Gardening season seems to keep going and going around here this year (I know – I said last month that it had pretty much come to an end, but who knew it was going to stay so warm for so long?!) – which is a good thing for me, since I only just got my garlic planted on Monday! I’m also planning to get some more daffodils, allium, crocus, and snowdrops planted this coming weekend. And why not? With the weather predicted to still be in the mid-40’s all weekend, it’s perfect for planting them, and they’ll give me lots to look forward to in the spring. It does look like the cold stuff is going to make a real appearance next week though, so maybe the party really is about to end.
December’s Featured Garden Product: Poinsettia
Poinsettia – Tis the season for poinsettias! I love how beautiful they make the store – and the house – look right now, with all the color combinations that our growers do. They are a simple way to add some bright holiday color to your home right now, and you can keep them for next year, with just a bit of TLC.
Check out the newsletter for some interesting poinsettia facts from Michigan State Extension.
The ideal conditions for poinsettias in your house are bright but indirect sunlight for at least 5 hours, watering when the soil is dry to the touch, and warm, – but not hot – temperatures (60° to 70°F).
In this month’s issue of Let’s Get Gardening
Along with my bulb planting, I still have lots to get done in my yard and gardens, so I’m counting on the weather holding out for at least the next few days. Here’s what we can be doing this month:
- It’s still possible to get bulbs planted. Take advantage of the fact that the ground is still not frozen to get this done. Also, take advantage of our sale on bulbs – tulip and daffodil bulbs are 3 for $1!
- If you’ve had issues with creatures digging up your tulip bulbs in the past, there are a few things that you can do to prevent it. Find a link to tips in the newsletter!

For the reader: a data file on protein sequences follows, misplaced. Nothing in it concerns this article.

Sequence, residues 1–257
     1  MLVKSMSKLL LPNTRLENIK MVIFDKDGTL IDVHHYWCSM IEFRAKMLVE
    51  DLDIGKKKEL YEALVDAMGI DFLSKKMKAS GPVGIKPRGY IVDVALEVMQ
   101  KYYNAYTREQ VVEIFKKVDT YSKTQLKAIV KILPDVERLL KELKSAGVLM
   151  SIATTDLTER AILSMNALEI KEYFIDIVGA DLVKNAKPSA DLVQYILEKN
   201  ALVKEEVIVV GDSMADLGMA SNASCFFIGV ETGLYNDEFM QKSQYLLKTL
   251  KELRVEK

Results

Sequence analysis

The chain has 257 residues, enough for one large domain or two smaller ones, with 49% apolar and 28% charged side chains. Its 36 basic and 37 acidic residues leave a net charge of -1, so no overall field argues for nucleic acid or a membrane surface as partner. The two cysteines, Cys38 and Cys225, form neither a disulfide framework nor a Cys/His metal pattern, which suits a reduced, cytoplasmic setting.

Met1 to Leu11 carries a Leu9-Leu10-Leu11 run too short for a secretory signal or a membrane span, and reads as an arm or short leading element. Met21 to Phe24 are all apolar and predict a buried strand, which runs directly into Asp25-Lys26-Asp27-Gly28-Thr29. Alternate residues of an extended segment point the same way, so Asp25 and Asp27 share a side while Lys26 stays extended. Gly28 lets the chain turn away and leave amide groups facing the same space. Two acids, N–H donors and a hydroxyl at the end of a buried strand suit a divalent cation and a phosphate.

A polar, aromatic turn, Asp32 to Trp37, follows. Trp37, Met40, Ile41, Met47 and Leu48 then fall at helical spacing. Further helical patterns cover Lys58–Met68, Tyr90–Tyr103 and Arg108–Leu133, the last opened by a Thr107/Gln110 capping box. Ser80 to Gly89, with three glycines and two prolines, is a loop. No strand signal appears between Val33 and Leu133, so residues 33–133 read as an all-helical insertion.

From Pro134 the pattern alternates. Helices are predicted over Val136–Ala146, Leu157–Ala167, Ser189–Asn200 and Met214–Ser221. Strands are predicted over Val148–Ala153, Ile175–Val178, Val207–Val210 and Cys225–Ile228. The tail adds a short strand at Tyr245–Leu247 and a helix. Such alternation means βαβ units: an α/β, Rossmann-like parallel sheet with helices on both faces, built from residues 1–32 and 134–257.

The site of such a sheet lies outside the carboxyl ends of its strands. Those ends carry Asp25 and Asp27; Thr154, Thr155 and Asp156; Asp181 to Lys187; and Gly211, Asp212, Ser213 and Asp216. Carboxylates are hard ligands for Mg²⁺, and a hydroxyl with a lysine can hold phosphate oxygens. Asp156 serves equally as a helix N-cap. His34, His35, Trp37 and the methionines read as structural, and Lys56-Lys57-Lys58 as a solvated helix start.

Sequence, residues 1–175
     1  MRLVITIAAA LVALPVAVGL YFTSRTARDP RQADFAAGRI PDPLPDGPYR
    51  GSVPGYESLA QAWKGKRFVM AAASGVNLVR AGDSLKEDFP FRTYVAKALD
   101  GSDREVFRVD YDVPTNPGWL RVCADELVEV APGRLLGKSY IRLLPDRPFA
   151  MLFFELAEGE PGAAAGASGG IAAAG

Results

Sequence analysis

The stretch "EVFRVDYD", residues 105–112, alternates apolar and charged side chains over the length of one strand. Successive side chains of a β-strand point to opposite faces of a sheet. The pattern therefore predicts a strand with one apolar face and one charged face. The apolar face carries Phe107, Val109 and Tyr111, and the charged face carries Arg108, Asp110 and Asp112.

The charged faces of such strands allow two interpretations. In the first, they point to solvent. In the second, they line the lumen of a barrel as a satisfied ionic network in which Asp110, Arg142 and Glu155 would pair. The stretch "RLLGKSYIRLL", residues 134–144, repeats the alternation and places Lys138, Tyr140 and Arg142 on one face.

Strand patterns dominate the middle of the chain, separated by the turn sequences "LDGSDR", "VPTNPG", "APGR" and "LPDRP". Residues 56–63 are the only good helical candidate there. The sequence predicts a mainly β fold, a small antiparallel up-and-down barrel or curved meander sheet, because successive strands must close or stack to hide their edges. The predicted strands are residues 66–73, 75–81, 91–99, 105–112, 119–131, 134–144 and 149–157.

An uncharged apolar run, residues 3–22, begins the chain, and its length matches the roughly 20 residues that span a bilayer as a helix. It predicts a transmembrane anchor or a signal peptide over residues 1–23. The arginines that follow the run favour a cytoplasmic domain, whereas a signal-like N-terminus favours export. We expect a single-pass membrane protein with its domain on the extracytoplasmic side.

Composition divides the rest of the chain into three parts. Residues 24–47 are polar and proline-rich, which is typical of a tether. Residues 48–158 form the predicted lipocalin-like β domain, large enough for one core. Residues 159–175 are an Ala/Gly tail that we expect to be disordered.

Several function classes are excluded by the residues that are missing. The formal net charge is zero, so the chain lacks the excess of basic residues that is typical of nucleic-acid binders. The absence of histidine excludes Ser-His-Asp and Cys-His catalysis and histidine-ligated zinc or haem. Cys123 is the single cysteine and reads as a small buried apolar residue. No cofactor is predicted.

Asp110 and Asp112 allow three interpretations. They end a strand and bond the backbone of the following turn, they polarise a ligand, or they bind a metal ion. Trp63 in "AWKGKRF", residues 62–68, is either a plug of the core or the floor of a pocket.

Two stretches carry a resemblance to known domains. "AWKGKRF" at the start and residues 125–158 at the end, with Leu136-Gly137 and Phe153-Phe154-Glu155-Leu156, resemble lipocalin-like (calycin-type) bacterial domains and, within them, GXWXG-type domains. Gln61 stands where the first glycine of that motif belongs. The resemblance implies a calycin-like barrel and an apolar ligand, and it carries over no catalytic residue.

- You can also force bulbs indoors over the winter. You’ll need to provide your bulbs with a chilling period first – for as long as 12 weeks – so now’s the time to start.
- If weeds have been showing up again in your flower beds, pull them now, while the ground is still soft.
- Once the ground has frozen, pile mulch on top of your perennials to help protect them from changing temperatures throughout the winter.
Trees and shrubs:
- Consider spraying evergreens with an anti-desiccant to help keep them from drying out in the cold winter winds.
- In case I haven’t mentioned it before, the other option for helping to keep your evergreens from drying out is to give them a wind screen. Burlap is a great choice, because it allows some air flow, but provides protection from the worst drying effects of the wind.
- Heavy snow can weigh down and potentially break branches, but be careful about removing it, as it’s easy to do more harm than good.
- Keep fresh greens fresh longer by spraying with water when the temperatures are above freezing. If you are bringing greens inside, including a Christmas tree, you can spray them with an anti-desiccant before bringing them in to help prevent drying.
- With the cold temperatures that winter brings, birds can use all the help they can get in the form of food, water, and shelter.
- Leave birdhouses out all winter, if they are not susceptible to breakage from freezing temps, and clean them out.
- Put a de-icer in your birdbath, so that your birds have a source of fresh water all winter.
Store News & Specials
- Hometown Holiday- Join us this weekend, December 1 through December 3 for Chelsea’s 31st Annual Hometown Holiday Celebration.
- $10 off $50 coupon
Remember to regularly visit The Garden Mill’s website and follow us on Facebook (fb.com/TheGardenMillChelsea) for our latest gardening and birding tips, as well as seasonal specials and fun stuff going on at the store.